Too weak or too powerful?

William JordanUS Elections Editor
April 02, 2014, 6:23 AM GMT+0

Republicans think Barack Obama has been both too weak and too powerful… but Democrats say the same thing about George W. Bush

Early last month YouGov asked a series of questions about President Obama’s leadership and use of presidential power. The topline figures showed that views are, unsurprisingly, mixed: Americans are generally split on whether the president uses too much power (42%), the right amount (25%) or not enough (26%), and on whether he is a strong or a weak leader, with a slight tendency towards “weak” (45-55%).

Republicans, however, are strongly in agreement on both questions. 80% believe the president uses too much power, and 86% believe he is a weak leader.

Columnists have recently seized on this contradiction as evidence of a fundamental contradiction among the President’s critics: they say he is “weak” (e.g. on foreign policy) andtyrannical (e.g. on executive orders, Obamacare or Common Core).

But this is not the first President to be accused of both things. Towards the end of his term, George W. Bush was commonly said by opponents to be tyrannical, and less commonly weak. But we re-asked people for their views last week, and Democrats are guilty of the same apparent contradiction:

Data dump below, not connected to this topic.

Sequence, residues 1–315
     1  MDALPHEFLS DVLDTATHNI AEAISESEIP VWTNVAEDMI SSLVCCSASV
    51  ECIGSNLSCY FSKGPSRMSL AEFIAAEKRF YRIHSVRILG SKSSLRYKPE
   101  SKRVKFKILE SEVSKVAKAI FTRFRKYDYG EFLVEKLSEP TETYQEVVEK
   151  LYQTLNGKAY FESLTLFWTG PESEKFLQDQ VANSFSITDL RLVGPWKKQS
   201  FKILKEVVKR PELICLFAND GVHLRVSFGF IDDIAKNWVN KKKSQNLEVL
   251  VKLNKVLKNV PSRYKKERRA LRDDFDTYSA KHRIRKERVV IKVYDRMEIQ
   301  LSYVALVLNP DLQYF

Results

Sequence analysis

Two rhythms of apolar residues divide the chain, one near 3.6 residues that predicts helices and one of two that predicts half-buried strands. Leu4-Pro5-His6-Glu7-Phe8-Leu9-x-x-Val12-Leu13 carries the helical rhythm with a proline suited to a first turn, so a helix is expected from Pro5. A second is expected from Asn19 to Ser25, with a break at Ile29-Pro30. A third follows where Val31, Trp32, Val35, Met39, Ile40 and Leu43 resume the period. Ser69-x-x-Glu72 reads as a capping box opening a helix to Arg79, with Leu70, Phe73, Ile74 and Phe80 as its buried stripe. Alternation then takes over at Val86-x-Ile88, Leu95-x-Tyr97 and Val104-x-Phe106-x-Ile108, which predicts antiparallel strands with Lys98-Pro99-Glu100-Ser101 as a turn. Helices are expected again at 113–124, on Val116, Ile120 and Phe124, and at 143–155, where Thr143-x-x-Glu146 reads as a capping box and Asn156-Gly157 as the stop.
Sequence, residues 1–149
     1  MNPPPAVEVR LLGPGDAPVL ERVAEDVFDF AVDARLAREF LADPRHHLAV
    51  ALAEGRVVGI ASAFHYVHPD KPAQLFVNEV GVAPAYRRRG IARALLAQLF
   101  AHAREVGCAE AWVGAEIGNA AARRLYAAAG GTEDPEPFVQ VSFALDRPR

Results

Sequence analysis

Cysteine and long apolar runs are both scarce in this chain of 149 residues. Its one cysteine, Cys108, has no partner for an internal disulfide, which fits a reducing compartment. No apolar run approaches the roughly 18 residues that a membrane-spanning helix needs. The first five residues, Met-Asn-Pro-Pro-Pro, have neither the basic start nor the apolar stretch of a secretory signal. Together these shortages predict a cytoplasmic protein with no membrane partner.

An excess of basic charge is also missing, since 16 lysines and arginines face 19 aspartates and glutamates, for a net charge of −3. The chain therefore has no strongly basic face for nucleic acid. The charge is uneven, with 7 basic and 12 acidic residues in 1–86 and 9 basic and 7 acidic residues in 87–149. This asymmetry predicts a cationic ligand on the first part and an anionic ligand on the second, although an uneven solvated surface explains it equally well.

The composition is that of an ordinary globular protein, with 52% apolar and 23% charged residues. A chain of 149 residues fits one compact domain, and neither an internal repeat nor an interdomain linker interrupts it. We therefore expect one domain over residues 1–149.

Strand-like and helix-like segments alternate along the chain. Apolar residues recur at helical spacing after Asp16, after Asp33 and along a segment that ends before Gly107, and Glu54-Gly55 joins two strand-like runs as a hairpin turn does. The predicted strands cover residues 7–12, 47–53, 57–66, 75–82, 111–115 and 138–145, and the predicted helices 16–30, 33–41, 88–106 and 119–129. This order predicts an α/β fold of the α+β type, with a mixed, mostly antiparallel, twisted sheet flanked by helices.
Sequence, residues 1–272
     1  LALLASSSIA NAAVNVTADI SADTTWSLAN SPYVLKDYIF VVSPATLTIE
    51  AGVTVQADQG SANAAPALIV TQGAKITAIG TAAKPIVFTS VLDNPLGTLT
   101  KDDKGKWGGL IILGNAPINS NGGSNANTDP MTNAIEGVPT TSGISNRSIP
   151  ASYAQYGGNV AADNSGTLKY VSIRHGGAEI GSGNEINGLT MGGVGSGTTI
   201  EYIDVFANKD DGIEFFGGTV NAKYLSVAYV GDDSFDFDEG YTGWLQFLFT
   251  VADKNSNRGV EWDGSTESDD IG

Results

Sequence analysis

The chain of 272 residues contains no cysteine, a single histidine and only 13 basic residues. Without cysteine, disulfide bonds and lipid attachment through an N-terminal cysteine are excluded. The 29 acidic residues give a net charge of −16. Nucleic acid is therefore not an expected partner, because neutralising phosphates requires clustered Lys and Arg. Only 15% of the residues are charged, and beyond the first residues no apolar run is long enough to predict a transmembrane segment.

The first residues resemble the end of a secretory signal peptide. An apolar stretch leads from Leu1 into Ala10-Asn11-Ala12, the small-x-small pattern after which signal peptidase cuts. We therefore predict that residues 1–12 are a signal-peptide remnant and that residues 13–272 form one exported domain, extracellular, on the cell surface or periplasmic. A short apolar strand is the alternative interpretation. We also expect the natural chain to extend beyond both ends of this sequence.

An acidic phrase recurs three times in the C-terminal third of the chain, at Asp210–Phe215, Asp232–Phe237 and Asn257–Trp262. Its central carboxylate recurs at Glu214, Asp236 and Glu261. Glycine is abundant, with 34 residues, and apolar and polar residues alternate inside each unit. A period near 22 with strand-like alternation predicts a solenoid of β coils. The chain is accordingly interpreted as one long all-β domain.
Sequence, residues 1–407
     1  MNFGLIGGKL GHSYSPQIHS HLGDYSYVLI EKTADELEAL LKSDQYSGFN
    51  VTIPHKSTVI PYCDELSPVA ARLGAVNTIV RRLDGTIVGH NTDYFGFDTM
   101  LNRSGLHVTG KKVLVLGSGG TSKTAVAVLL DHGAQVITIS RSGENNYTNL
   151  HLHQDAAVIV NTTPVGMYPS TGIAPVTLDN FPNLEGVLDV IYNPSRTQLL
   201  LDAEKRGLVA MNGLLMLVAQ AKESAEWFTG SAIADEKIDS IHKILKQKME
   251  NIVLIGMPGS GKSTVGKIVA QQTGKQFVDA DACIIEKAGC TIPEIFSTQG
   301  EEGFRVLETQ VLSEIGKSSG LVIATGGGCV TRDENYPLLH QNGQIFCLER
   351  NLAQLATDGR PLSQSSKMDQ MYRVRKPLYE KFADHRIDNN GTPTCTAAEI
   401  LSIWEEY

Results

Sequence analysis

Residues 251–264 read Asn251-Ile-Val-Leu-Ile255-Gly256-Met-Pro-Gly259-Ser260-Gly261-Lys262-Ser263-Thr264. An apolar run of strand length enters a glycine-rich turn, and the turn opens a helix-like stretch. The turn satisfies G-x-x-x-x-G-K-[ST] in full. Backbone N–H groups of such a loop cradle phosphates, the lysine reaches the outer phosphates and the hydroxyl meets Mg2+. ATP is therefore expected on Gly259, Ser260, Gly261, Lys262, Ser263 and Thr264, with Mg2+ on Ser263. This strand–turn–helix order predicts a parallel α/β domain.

Solid majorities of Democrats say he was a weak leader (67%), and believe that he used too much power (65%). So, if Republicans are contradicting themselves, they are not alone.

The Halo Effect

As data journalist Nate Silver points out in a recent piece, a cognitive bias called the “halo effect” often arises in politics. Overall feelings about a politician spill over into judgments about the politician’s specific qualities. This looks like what we’re seeing – both with Republicans’ opinions about Obama, and Democrats’ feelings about George W. Bush. If there’s a negative option going, they’ll likely pick it.

In order to tease out the distinctive shape of a reputation it is more helpful to look amongst people who view each man favorably or unfavorably. This should correlate even more closely than partisan allegiance to whether respondents choose the negative or positive options presented to them.

Notice how people who only somewhat like President Obama are much more likely to say he is weak than to say he is too powerful. Meanwhile, people with somewhat favorable opinions of President Bush are more likely to say he was too powerful than to say he was too weak.

Whatever their preferred party, voters with strong opinions about someone (like the president) tend not to “split the ticket” when it comes to his or her specific qualities – even if it occasionally leads to contradiction.

Image: Getty

Full results can be found here, here, here and here.

Economist/YouGov poll archives can be found here.

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